Today's Opinions, Tomorrow's Reality
Cuba's White Flight
By David G. Young
Miami Beach, FL, August 23, 2022 --
A giant wave of migrants from Cuba promises to again remake Florida and perhaps America itself.
Another 41 Cuban migrants arrived by boat in the Florida Keys on Sunday1, with 21 arriving the day before.2 Hundreds more arrived a week earlier. Between October and June, US Customs and Border Protections reports apprehending 1,300 on the shores of Florida and another 4,000 at sea.3
Stunningly, these mass arrivals are only a drop in the bucket compared to Cubans crossing the Mexican border. Customs counted a total of 178,000 Cuban arrivals between last October and July.4 The unprecedented surge has now surpassed the combined size of the infamous 1980 Mariel Boatlift and the 1994 surge that followed the collapse of the Soviet Union
There are two main causes of the new migration. Cuba’s economy is in terrible shape following three years where the pandemic depressed tourism. The country is short on foreign exchange, and recently had to devalue the Peso by a factor of five.5
Frequent power blackouts caused by fuel shortages were made worse by a disastrous oil depot fire that saw reserves go literally up in smoke. And protests erupting last year caused the Cuban government to increase repression, yielding further misery.
Secondly, a new land route through Mexico has opened up providing a relatively easy way out. Last November, the Nicaraguan government announced it would no longer require a visa for Cuban arrivals.6 This inspired tens of thousands of Cubans to fly to Managua then take busses north to the U.S. border.
Prior to this opening, many migrants had to fly to South American countries, then hire smugglers to guide them through the treacherous jungles of the Darian Gap separating Panama and Colombia. A flight to Managua eliminates the most dangerous part of that trip.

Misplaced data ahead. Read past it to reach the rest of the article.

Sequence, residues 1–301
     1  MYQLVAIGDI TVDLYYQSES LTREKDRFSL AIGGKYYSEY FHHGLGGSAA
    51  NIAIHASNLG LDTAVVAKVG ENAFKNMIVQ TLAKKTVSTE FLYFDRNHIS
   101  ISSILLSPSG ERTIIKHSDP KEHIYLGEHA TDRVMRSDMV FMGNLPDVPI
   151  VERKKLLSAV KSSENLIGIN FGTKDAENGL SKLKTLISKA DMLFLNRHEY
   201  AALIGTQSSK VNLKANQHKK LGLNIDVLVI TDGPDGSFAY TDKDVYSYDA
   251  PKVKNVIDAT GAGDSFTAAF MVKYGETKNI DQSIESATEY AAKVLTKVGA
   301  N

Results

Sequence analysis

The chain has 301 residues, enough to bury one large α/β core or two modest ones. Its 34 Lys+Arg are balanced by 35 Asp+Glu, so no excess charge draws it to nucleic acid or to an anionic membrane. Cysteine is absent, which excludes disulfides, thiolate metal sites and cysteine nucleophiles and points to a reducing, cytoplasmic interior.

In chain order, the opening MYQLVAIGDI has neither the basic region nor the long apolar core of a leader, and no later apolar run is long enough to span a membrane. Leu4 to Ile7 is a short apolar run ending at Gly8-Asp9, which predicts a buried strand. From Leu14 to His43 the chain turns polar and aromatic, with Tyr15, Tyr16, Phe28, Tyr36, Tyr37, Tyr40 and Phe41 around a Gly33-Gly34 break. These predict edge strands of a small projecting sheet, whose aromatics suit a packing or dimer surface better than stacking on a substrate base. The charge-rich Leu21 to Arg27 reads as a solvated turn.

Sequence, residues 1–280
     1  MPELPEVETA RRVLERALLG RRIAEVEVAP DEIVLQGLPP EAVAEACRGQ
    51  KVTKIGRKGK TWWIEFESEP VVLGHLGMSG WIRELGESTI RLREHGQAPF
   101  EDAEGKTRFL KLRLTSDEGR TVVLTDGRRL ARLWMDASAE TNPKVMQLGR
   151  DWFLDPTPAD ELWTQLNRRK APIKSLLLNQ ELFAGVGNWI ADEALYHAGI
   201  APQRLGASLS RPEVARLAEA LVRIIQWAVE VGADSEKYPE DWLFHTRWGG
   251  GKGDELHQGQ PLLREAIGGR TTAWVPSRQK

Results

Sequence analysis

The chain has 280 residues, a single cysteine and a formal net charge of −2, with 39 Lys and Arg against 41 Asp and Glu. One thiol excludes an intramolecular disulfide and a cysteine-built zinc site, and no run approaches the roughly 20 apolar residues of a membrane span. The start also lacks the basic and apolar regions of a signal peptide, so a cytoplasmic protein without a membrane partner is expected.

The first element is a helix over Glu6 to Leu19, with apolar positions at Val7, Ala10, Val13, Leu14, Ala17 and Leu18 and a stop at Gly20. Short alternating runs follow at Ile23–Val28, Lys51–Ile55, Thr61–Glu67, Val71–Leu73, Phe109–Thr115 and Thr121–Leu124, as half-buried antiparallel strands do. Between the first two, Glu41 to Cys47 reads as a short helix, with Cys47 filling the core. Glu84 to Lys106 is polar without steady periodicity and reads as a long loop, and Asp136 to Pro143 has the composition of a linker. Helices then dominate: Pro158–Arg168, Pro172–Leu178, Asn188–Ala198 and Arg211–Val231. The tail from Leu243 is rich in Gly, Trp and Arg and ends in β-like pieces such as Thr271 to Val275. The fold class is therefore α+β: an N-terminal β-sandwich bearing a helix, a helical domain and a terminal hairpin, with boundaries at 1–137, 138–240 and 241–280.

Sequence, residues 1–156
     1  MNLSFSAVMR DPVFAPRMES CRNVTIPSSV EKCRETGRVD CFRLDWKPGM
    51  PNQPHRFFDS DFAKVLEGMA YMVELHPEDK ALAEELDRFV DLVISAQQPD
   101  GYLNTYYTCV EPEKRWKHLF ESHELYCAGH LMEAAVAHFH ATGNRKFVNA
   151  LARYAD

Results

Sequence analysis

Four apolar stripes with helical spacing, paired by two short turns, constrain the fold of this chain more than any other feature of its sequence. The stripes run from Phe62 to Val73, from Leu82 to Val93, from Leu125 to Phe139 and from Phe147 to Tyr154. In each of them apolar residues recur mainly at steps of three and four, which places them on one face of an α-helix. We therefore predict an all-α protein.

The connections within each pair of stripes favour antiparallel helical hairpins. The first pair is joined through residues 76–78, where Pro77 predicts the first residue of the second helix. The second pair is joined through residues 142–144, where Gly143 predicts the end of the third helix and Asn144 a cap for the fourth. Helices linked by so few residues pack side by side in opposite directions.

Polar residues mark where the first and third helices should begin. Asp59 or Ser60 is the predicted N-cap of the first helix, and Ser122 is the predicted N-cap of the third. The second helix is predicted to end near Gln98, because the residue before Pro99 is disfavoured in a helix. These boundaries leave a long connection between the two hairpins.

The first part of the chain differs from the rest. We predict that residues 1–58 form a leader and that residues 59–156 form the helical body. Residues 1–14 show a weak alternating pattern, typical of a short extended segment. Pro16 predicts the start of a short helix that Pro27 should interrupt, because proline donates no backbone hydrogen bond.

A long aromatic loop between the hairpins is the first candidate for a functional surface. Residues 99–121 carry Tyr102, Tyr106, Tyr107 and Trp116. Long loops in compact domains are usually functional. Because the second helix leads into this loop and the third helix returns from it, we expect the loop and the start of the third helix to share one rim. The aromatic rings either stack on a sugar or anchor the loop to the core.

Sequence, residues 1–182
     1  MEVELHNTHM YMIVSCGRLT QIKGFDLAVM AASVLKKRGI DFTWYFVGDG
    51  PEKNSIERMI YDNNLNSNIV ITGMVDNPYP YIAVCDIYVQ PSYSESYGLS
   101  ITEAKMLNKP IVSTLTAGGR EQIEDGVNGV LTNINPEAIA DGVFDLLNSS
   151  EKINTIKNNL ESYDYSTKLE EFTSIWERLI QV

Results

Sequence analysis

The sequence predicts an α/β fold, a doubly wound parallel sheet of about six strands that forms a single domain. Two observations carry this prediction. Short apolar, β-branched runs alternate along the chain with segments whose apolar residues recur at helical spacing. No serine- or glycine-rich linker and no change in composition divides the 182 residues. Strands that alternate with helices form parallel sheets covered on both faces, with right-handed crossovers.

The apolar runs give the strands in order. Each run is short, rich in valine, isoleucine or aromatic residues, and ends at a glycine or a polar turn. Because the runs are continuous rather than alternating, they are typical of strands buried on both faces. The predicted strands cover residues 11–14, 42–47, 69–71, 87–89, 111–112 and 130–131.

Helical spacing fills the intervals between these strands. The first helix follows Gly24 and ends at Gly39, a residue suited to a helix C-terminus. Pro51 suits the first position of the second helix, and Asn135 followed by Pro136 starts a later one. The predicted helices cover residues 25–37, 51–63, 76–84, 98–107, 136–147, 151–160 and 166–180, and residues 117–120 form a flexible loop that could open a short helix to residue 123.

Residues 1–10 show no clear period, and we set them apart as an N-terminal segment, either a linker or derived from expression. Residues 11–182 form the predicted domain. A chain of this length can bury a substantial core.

Most Cuban migrants now walk across the southern border of the U.S. where they immediately surrender to Border Patrol agents, knowing that most will be granted asylum. After being held briefly, the migrants will board busses or planes to join their relatives in south Florida or other parts of the United States.
This may seem crazy, but that convoluted journey is currently the easiest way. Cubans can't just board a flight to the United States -- direct flights were ended at the start of the pandemic, and visa issuance in Cuba was halted after the mysterious sonic attacks on the Havana embassy in 2017. Lack of visas blocks Cubans from boarding flights from any country to the US.
If trends continue, about 210,000 Cubans — more than 1 percent of the country’s population — will arrive this year many joining relatives (mostly in Florida), and increasing the size of the Cuban-American community by 10 percent this year alone.
The pipeline of new arrivals starts with legal residency, then green cards, and ultimately U.S. citizenship granting the right to vote. Since Cubans already dominate Miami-Dade, the political impact of this surge there will be minor. But the difference will be strongly felt in Florida’s statewide races and perhaps in national elections.